Metro began Sunday subway service yesterday with trains running smoothly and carrying up to twice as many passengers as had been expected.

Officials of the transit authority estimated between 75,000 and 90,000 trips were made on the two rail routes as hordes of tourists and area residents descended on the Mall and thousands of football fans converged on Robert F. Kennedy Stadium for the Redskins' opening game.

Metro officials said yesterday's patronage far exceeded the 50,000 or so that had been expected. Planners had forecast 35,000 trips on a typical Sunday, with still more riding whenever the Redskins play here. The team has six more Sunday home games this season.

Even the first trains on the lines at 10 a.m. yesterday carried sizable numbers of people, almost all clad in casual clothes and obviously bound for recreational outings. "You've got a lot of visitors depending on this system," said John Wood of Birmingham, Ala., who scanned the Metro map at the Rosslyn station with a friend, Kathy Frieling.

Most early riders got off at Smithsonian station, which has an exit in the middle of the Mall. Within an hour after service began, there was standing room only on trains en route to the Stadium-Armory station.

The parking lot at New Carrollton station was nearly filled with cars of football fans who fringe-parked free and took trains the rest of the way.

It took about an hour and 20 minutes to load all the transit-riding football fans who left the stadium after the Redskins' 29-27 loss to the Houston oilers. The crowds, which were orderly, were kept lined up more than 20 abreast at the tops of the escalators and allowed to enter the station gradually to avoid overcrowding of platforms and trains.

"We didn't mind. It was a nice afternoon and we sat on the lawn (outside the stadium) waiting for the crowd to disperse," said Marjory O'Leair, of Silver Spring, who attended the game with her daughter, Susan. "We were in no hurry to go anywhere."

Nicholas J. Roll, Metro's assistant general manager for transit services, who personally directed operations at Stadium-Armory, estimated that 17,000 to 20,000 boarded trains there after the game. If all rode Metro both ways, that would mean 34,000 to 40,000 trips.

Metro will not have its actual Farecard gate count until tomorrow, Roll said.

Members of the Metro board warned several months ago, when the decision was made to start Sunday service, that it might be discontinued if it is not well used.

Even with patronage at higher levels than forecast, the service will continue to run at a financial loss, Metro officials said. The deficit for the first year of Sunday operations is budgeted at $800,000, which must be made up by contributions raised from taxes by area governments.

Joanne Steller, public relations director of Woodward & Lothrop, said the number of customers who entered its flagship downtown store for the first Sunday opening in about a decade was "better than we expected. Traffic patterns looked to the store managers like a regular weekday."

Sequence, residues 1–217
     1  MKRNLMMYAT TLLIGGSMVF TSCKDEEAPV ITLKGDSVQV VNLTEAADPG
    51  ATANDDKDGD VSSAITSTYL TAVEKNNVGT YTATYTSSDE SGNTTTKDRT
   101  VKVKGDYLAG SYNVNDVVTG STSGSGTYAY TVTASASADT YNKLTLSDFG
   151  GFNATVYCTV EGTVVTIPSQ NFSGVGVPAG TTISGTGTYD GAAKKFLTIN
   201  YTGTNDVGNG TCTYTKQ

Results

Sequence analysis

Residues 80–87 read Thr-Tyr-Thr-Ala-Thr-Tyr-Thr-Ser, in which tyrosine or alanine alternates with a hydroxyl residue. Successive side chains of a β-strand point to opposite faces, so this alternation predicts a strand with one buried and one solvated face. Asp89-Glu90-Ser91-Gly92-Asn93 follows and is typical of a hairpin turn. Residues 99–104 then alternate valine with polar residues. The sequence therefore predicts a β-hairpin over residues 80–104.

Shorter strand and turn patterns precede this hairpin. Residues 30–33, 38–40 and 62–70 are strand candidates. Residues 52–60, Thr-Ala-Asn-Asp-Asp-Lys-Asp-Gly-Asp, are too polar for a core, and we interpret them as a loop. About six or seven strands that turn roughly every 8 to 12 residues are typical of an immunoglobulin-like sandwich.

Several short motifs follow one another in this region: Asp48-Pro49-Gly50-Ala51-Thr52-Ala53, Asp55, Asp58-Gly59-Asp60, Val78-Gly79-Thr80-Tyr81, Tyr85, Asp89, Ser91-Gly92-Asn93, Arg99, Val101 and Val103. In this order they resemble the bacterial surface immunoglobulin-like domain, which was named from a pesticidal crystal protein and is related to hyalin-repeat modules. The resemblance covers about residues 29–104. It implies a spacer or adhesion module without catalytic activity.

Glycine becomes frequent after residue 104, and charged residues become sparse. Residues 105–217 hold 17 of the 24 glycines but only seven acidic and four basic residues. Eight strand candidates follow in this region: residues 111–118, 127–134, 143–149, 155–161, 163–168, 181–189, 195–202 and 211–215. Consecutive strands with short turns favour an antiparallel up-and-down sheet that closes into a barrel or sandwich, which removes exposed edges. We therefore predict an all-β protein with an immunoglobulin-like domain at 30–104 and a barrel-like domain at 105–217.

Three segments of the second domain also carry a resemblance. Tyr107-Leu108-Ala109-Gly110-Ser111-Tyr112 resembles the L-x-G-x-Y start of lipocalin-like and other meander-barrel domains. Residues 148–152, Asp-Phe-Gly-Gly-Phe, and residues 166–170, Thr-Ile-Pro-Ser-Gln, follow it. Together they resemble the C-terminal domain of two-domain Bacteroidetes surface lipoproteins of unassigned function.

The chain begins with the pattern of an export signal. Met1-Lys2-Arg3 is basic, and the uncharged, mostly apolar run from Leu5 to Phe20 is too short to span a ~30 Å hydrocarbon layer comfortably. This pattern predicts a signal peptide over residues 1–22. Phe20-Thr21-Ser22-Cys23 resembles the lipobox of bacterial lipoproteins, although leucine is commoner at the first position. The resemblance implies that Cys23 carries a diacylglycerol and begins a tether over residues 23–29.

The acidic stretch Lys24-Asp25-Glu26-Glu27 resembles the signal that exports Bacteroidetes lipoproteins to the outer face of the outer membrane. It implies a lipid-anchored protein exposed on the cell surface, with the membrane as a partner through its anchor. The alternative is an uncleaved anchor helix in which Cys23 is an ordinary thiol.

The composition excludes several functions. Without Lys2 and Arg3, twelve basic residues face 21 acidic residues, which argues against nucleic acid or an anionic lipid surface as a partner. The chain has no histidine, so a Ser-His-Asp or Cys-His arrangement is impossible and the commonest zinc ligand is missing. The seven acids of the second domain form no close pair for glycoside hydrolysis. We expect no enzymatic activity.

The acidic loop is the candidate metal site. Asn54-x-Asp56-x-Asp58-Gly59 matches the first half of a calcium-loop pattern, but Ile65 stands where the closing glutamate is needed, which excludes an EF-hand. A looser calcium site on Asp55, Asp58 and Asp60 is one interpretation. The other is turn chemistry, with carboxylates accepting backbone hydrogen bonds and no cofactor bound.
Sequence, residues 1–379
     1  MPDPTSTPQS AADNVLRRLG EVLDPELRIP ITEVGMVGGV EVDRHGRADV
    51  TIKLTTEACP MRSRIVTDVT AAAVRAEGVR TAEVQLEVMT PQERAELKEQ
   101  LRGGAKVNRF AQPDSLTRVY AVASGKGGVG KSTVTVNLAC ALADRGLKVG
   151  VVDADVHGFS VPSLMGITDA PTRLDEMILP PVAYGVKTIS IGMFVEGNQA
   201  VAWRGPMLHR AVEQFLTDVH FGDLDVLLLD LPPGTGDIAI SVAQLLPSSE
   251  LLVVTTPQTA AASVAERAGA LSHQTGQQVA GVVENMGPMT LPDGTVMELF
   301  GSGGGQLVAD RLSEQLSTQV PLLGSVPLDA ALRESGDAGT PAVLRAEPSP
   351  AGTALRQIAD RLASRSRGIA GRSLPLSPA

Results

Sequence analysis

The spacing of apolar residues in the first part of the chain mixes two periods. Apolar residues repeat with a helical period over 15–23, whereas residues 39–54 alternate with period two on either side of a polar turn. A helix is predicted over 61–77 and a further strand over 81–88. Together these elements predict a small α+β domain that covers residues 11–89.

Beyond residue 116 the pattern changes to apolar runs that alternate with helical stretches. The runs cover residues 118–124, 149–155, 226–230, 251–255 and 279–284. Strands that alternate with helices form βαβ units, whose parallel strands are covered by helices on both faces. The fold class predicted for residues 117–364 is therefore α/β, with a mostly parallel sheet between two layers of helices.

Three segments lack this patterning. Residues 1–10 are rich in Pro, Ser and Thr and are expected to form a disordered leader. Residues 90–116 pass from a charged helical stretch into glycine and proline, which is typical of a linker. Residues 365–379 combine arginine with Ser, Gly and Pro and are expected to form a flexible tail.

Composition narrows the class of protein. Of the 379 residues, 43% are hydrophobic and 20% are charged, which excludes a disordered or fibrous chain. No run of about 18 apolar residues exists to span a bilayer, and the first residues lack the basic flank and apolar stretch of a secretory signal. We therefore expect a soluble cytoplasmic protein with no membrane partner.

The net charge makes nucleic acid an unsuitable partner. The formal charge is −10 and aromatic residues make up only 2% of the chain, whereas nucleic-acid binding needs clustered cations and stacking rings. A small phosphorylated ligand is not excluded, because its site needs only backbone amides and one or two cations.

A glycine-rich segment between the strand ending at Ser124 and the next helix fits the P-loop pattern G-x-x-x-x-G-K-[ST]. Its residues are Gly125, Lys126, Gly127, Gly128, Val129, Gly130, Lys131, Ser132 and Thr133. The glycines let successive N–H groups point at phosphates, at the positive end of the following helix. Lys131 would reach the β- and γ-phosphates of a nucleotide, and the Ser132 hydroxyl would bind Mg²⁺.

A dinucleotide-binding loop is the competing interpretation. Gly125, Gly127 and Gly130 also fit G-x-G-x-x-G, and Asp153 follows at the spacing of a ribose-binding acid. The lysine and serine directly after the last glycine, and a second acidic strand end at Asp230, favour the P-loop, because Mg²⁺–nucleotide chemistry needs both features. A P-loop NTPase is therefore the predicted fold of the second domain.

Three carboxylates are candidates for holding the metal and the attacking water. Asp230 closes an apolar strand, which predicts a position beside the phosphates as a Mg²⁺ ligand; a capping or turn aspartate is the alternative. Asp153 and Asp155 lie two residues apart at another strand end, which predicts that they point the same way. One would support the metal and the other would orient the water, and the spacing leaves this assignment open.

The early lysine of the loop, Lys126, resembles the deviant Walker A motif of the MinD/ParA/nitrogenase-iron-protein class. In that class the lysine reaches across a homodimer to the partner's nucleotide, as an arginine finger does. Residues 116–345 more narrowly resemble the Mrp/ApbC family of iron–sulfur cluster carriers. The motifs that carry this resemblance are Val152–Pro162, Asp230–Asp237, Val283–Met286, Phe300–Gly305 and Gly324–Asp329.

Sales were 30 percent better than expected, she said. About 140 people were waiting when the store opened at noon, many at the door that leads directly from the Metro Center subway station.

As a special promotion, Woodies promised customers who made minimum purchases a free 50-cent Farecard for the trip home. The store had about 650 on hand but ran out of them by mid-afternoon, she said. In the end, the store gave 50 cents each to another 360 customers in lieu of farecards, Steller said.

Most smaller stores in the downtown area were shuttered yesterday, with their managers taking a wait-and-see attitude.

Metro marked the start of Sunday service with a brief ceremony held when the first trains arrived Sunday morning at Metro Center Station on both lines. Two pioneer Metro officials -- Warren D. Quenstedt, former deputy general manager, and Carlton R. Sickles, a longtime member of the board of directors, now retired, were on hand for the event.

The congregations from six churches that are clustered around Metro Center held a joint service in the station welcoming the Sunday operation, with their ministers voicing hope that it will encourage more attendance at regular services.

The service was held on a mezzanine level in the station, which the Rev. George Hill of Calvary Baptist Church described as "this underground cathedral," indicating its vaulted concrete roof.

Seeking a tongue-in-cheek biblical reference, Hill told 300 spectators that he thought of the Queen of Sheba who "came to Jerusalem with a very great train."

For the service, the Rev. William Moreman of the First Congregational Church composed this special litany:

"Enjoying the city is a way of rebuilding it. Now, on Sundays, the city becomes more open for enjoyment. We celebrate that!

"A city is a body with many systems needed for its health. This is the circulatory system, the flow of people's energy in the city. We celebrate that!"

Other congregations sponsoring the service were the Episcopal Church of the Epiphany, Metropolitan Community Church, Mount Vernon Place United Methodist Church and New York Avenue Presbyterian Church.

Also participating was D.C. City Council member Jerry A. Moore, who is both the pastor of the 19th Street Baptist Church and chairman of the Metro board. "The prophets of the past have seen the fulfillment of this dream," he said.

Trains will be operated again today, Labor Day, on the same schedule with service at 10-minute intervals from 10 a.m. to 6 p.m. That will be the schedule for future Sundays and holidays.

The fare for Sunday travel is the regular offpeak subway fare of 50 cents regardless of the length of the trip, with transfers provided from trains to buses but not from buses to trains. Senior citizens who buy special Farecards are charged fares that depend on the length of the trip, ranging between 25 and 50 cents.